Category Archives: Easy Meals

Making Salad On-The-Go [Easy Meals]

Eating well with four active kids is a constant challenge for me. I find myself preparing them great meals, but neglecting myself or eating their leftovers. A schedule full of pick-ups and drop-offs also means that I’m eating a lot of meals on-the-go. I find it challenging to pack a lunch for myself. I don’t love sandwiches and oftentimes lunch on the run for me looks like crackers and string cheese – things I’ve purchased for the kids but don’t necessarily look forward to eating myself.

I had a great wrap in San Diego recently, and tried my own variation at home. I think I’ve figured out how to take a salad along with me. No fork required.

salad on a tortilla2 600×450 Making Salad On The Go [Easy Meals]

Takeaway Salad:

1 sprouted grain large tortilla
2 tbsp humus
1 cup salad greens
1 tsp sesame seeds
1/2 cup broccoli (mine was grilled, leftover from the previous night)
1 tbsp balsamic vinaigrette
1 tbsp shredded carrots
whatever other salad fixings you fancy
Spread the hummus onto the tortilla (this keeps the tortilla from getting soggy). Mix your salad in a bowl, and then place it in center of tortilla. Wrap it up like a burrito and seal with foil.

Leftover Relief [Easy Meals]

Hi. Welcome to the weekend after Thanksgiving. You probably don’t feel much like cooking, huh? You might even feel like you don’t want to cook again for oh, maybe the next decade. I feel you, brothers and sisters. I do.
But. You have Mouths to Feed. Mouths that are going to revolt at the mere suggestion of leftover turkey for dinner. When that happens—long about Saturday if your house is anything like my house—you can make this. It’s fast, it’s delicious, and it has nothing whatsoever to do with Thanksgiving leftovers.
schooner tuna Leftover Relief [Easy Meals]

If you can find Neptuna, use it. It’s delicious and has great texture. Nobody paid me to say that, although I’m totally open to that idea.
So Not Your Mama’s Tuna and Noodles
1 lb – short dried pasta shape
2 tbls – olive oil
1 – red onion, diced
1 tsp – dried oregano
½ c – dry white wine
1 can – cannellini beans, drained and rinsed
Most of a 3.5 oz jar – capers (no need to drain them)
1 c – pitted Nicoise olives, cut in half
7 or 8 – fresh basil leaves, chopped
About ½ c – flat-leaf parsley, chopped
1 – lemon, juiced and zested (keep another lemon hanging around—you might need it)
2 cans – olive oil-packed tuna, flaked with a fork and half drained
2 c – cherry tomatoes, halved
Step 1: Start some well-salted water for the pasta.
Step 2: Meanwhile, heat the olive oil over medium heat and add the onion. Cook until the onion is just starting to turn clear-ish, about 5 or 6 minutes. Add the oregano (rub it a little between your fingers) and the wine and cook until the wine has almost completely cooked away. Stir in the beans, capers, olives, basil, parsley and lemon zest and juice.
Step 3: The water’s probably boiling by now. If you haven’t already, add the pasta and give it a stir. Cook until it’s done the way you like it then drain. Let a little of the cooking water hang around.
Step 4: Put the drained pasta to the skillet and stir. Gently stir in the tuna and tomatoes along with a little salt (watch it, the olives and capers are pretty salty) and lots of freshly ground black pepper. Taste to see if you need more salt or more lemon juice. You want it nice and bright and briny.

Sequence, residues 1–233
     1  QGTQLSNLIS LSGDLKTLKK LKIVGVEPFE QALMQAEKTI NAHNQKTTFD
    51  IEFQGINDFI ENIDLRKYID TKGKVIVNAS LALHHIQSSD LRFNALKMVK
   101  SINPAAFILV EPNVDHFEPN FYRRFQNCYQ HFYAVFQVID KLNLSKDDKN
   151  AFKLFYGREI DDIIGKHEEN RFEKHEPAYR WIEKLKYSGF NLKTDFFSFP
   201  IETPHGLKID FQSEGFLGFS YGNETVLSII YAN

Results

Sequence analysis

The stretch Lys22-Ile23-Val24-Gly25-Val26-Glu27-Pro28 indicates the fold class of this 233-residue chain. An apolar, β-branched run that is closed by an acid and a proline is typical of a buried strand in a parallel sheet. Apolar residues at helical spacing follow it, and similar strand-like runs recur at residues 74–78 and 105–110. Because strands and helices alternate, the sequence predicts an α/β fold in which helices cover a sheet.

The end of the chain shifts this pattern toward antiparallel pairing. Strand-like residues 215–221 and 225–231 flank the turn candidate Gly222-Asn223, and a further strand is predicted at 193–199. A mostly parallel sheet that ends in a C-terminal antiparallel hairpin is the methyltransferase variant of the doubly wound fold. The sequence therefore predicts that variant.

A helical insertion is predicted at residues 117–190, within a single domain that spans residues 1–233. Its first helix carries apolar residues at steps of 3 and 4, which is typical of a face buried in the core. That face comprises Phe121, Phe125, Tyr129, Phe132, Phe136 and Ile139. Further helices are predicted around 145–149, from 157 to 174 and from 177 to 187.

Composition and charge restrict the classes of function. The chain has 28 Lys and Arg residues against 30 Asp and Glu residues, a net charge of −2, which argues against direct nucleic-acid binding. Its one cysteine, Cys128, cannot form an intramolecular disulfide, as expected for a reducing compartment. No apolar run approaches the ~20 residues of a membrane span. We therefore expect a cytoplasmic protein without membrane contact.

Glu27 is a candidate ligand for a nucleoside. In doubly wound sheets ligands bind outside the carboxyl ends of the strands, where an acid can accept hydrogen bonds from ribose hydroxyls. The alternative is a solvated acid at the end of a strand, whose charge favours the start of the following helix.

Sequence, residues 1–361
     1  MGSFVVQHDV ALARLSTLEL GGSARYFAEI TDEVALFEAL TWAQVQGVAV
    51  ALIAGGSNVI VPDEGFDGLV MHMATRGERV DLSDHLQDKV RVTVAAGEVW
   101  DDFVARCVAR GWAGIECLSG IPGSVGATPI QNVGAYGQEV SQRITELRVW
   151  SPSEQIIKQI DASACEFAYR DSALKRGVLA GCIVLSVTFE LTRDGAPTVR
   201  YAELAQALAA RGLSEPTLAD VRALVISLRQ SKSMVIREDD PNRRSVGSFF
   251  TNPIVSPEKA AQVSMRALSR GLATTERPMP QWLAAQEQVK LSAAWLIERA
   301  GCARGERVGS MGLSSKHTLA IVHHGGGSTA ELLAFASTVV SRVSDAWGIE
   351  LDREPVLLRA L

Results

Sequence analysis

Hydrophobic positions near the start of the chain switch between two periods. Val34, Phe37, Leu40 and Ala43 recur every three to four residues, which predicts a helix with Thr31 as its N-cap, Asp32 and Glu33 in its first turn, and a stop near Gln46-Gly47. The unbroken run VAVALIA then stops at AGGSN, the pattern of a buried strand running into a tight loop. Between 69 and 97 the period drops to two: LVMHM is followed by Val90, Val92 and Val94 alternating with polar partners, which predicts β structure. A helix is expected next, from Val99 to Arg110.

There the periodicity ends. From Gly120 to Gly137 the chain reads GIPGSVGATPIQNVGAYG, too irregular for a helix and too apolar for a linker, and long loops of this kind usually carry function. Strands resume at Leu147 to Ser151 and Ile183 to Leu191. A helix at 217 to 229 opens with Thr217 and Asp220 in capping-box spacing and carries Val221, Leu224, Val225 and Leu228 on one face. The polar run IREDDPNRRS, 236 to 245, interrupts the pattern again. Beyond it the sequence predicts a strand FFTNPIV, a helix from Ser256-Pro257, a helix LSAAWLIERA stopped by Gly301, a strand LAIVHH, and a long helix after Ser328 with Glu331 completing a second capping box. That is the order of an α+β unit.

Step 5: Serve to turkey-weary family.

Salad People

The first book I ever cooked from was a copy of The Moosewood Cookbook by Mollie Katzen. I stole it from my older, cooler sister when I was 16. Damn I loved that book. It had a cool California hippie vibe, fun drawings, and all the recipes were filled with cheese.

Moosewood1 Salad People
I think it’s time I got my sister a new copy.

Click here to view Bluehost Coupon Codes.

So there’s a certain symmetry to the fact that the first book my kid ever cooked from was also written by Mollie Katzen. She’s written a trio of great cookbooks for kids: Pretend Soup, Honest Pretzels, and Salad People. All of her recipes have picto-instructions in addition to the written ones, so even little kids who can’t read can follow along. Any of her books would make a great holiday gift for the foodie parents you know. (I swear nobody is paying me to say any of this. Hi Mollie!)

salad person in progress21 Salad People
My kid has been having Salad People over for lunch since she was two. In all that time I’m not sure she’s realized how many vegetables are involved.

Salad People

From the book of the same name by Mollie Katzen

1 – pear
1 ice cream scoopful – cottage cheese, Greek yogurt, flavored Greek yogurt, or hummus
Small bowlfuls – carrot ribbons, celery sticks, halved cherry tomatoes, quartered grapes, berries, orange sections, sliced black olives, capers, angel hair pasta or pasta shapes, string cheese, nuts—pretty much anything healthy you have hanging around
salad people ingredients Salad People
You don’t have to get this carried away. Three or four things would do just fine.

Step 1: Peel the pear and cut it in half. Scoop out the core with a melon baller.

Step 2: Place one of the pear halves on a plate, cut side down. That’s your Salad Person’s body. Put a scoop of cottage cheese just above it. That’s his face.

naked salad person Salad People
Naked Salad Person. I guess I should have warned you that this post is NC-17.

Step 3: Now comes the fun part. Decorate your Salad Person with all that stuff you assembled.

Know that you’re going to see some potentially disturbing flavor combinations. Look at it this way: you’re teaching your kid that pomegranate seeds are potentially gross with black olives. Although you might be surprised.

salad santa Salad People
Your Salad Person can go seasonal/slightly creepy—